Mining company told to halt exploration after clash
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The North Sumatra Legislative Council demanded on Monday that PT Sorikmas Mining temporarily halt its gold mining exploration activities in Mandailing Natal regency after members of the local community clashed on Saturday with police and the company’s security personnel.
The council’s deputy speaker, Chaidir Ritonga, expressed concern that clashes would expand and claim additional victims, especially because of the growing resistance from the community over the project. Saturday’s incident, he said, was not the first to have occurred.
“This is a time bomb that can explode at any time,” Ritonga told The Jakarta Post, on Monday, underlining the importance of a temporary halt for the dispute to be solved and settled.
Dozens of people, including police personnel, were injured and a number of PT Sorikmas Mining’s facilities were set on fire during Saturday’s clash in Naga Juang district, Mandailing Natal.
Ritonga said the provincial legislative council had issued a recommendation for the halt of exploration activities in Dec. 2011. Yet, the company did not seem to follow the recommendation and instead received a license to exploit a protected forest from the local administration.
He accused the provincial and regency administrations of being weak on the mining company by letting it continue to operate and giving it a license despite the council’s recommendation to halt activities.
“This is weird. The administrations should have supported the council and not done otherwise,” said Ritonga, adding that the council would summon both the provincial and regency administrations for clarification.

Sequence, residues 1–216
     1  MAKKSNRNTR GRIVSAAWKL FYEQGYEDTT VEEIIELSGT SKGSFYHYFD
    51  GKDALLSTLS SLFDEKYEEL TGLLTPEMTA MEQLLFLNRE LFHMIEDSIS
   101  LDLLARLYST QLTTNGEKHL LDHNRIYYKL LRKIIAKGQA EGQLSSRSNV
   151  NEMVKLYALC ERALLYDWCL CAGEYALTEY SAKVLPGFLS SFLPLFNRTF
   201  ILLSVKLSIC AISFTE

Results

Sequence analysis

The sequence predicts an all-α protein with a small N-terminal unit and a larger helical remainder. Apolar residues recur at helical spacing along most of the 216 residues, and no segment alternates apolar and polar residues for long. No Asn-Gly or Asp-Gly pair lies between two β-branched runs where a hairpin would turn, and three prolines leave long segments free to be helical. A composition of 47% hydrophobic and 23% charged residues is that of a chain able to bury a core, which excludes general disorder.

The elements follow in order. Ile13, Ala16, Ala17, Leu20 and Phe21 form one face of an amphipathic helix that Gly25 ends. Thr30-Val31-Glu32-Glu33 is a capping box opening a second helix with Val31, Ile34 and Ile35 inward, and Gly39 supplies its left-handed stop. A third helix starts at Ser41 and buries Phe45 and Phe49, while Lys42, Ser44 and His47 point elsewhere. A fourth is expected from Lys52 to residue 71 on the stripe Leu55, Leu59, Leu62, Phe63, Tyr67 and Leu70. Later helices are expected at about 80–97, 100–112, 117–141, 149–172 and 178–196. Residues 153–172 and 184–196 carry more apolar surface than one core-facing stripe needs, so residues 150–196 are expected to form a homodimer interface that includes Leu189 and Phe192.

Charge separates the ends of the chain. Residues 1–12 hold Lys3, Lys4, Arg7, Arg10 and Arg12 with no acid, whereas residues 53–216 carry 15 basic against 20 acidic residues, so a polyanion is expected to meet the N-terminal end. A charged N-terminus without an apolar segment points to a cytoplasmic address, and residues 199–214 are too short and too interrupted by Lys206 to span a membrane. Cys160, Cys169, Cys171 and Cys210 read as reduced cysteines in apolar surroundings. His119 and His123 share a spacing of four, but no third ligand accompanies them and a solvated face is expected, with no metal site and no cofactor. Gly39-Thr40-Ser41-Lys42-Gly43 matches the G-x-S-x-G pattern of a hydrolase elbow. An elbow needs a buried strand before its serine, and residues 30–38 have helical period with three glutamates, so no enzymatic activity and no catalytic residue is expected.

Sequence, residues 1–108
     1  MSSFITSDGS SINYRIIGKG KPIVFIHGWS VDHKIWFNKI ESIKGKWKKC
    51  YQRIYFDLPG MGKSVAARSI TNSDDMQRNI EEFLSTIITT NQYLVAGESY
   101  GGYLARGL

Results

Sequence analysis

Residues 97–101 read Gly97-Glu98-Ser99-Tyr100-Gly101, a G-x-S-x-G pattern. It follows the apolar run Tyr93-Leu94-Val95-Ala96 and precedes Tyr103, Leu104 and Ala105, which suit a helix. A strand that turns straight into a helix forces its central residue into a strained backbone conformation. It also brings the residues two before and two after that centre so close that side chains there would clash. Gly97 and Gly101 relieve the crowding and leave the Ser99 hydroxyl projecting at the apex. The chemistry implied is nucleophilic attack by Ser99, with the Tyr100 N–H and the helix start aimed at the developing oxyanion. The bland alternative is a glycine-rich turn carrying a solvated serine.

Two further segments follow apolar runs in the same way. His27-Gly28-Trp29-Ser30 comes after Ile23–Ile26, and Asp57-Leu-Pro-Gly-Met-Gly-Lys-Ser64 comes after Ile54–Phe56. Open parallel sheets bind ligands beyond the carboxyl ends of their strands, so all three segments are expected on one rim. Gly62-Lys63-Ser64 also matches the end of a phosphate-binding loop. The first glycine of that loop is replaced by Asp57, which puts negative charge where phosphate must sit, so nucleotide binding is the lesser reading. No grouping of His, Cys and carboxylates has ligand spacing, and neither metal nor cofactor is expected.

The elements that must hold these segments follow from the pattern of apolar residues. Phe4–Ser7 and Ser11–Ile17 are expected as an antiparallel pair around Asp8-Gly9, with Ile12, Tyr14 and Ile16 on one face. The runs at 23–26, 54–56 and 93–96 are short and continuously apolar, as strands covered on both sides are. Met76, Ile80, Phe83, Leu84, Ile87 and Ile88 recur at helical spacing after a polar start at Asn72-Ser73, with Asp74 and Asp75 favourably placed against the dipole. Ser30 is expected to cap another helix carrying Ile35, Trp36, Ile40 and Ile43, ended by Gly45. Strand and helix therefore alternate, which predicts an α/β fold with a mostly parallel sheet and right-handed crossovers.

PT Sorikmas Mining is 75 percent owned by Australian Aberfoyle Pungkut Invesment Pty., Ltd. with state-owned company PT Aneka Tambang controlling the remaining 25 percent.
The company received an exploration contract license from the Forestry Ministry in 1998. It has an operation area of 66,200 hectares in Mandailing Natal, but only 32,560 hectares have been explored as the remaining 33,640 hectares are claimed to be located within the Batang Gadis National Park area.
The company’s public relations director, Nurul Fajrie, said that PT Sorikmas Mining had implemented the legislative council’s recommendation following a clash with the local community in May 2012. He said it had temporarily halted its exploration activities and resumed only after the condition was considered stable.
“We don’t need to temporarily halt exploration activities at present because the situation is stable already,” Nurul told The Post over the phone on Monday.
Commenting on the weekend’s clash, Nurul blamed the incident on the interests of particular community groups who wanted the mining site in Sambung to be handed over to the community. He said it was impossible for the company to fulfill the demand.
“The company has invested hugely in Sambung because of its big prospects. It’s impossible to give it to the community,” said Nurul, adding that the company would continue to operate despite Saturday’s clash.
Separately, the head of North Sumatra’s Mining Agency, Untungta Kaban, said that his agency had no authority to ask PT Sorikmas Mining to halt its exploration activities because the authority to do so was in the hands of the central government.
“The working contract of PT Sorikmas Mining was made with the central government not with regional administrations,” he said.
The police said that as of Monday, the situation at the clash site was stable and that three people were in police custody for questioning.